Sunday, August 24, 2014

"You never get a second chance to make a first impression." Will Rogers

I enjoy spending time in thoughtful reflection before I write this blog each week.  I try to think about ways that teachers and other adults within the school setting can impact the students in a positive manner.  The idea for this particular blog presented itself during some golf matches this past week, as the team and I were traveling to several golf courses far away. Since I have been coaching for over 30 years, I have known most of the school bus drivers for years, and I always enjoy the chat time with the driver after our team meeting on the bus.  

While traveling to a match, it suddenly occurred to me that the bus driver is the first face of the school district for every student on that very important first day of school.  A bus driver, like a teacher, has one chance to make a good first impression on the students, as the driver represents not only himself, but also the school district.  The driver can influence each student's day in a positive or negative manner, first thing in the morning every single school day. I view that as a very important job, and I talked with one driver I have known for years about his position. He told me that he has a regular middle school run during the school year, and that he decorates the inside of his bus for every holiday. He organizes students with a seating chart on the first day, and establishes the rules of the bus.  He even makes little personalized antimacassars (coverings)  for each seat with the child's name draped on his or her seat.  He knows every child by first and last name, and he has minimal discipline problems.  I attribute good student behavior to the personal connection Bob has made with each child, as well as the fact that he is so positive and makes each child feel special.  If I were in middle school, I would want him to be my bus driver.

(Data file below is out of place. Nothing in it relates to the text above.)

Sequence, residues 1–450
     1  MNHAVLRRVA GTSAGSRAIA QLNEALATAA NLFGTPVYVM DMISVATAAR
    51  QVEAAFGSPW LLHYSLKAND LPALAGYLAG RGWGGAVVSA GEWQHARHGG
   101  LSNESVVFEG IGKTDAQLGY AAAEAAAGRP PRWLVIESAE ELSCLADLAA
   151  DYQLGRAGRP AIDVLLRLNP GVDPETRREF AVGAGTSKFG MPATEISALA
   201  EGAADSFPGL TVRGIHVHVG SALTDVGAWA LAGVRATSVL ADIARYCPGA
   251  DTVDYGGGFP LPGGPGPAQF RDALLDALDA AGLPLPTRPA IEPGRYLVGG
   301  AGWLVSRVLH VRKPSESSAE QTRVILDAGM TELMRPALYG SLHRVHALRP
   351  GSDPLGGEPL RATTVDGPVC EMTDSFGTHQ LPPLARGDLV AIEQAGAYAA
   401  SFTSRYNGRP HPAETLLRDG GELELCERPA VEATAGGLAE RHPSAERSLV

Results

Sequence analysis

When I was in elementary school, my bus driver was one of my favorite people in the world.  I even invited him to my house, and through the years, Bill and his wife Helen became two of my parents' closest friends.  Bill and Helen had no children of their own, and they spent many holidays and Christmas days at our house.  I have fond memories of getting on the bus each morning and afternoon, knowing that Bill would be there, taking care of all of the students, singing and smiling and joking with us as he drove.  He was such a positive daily influence. .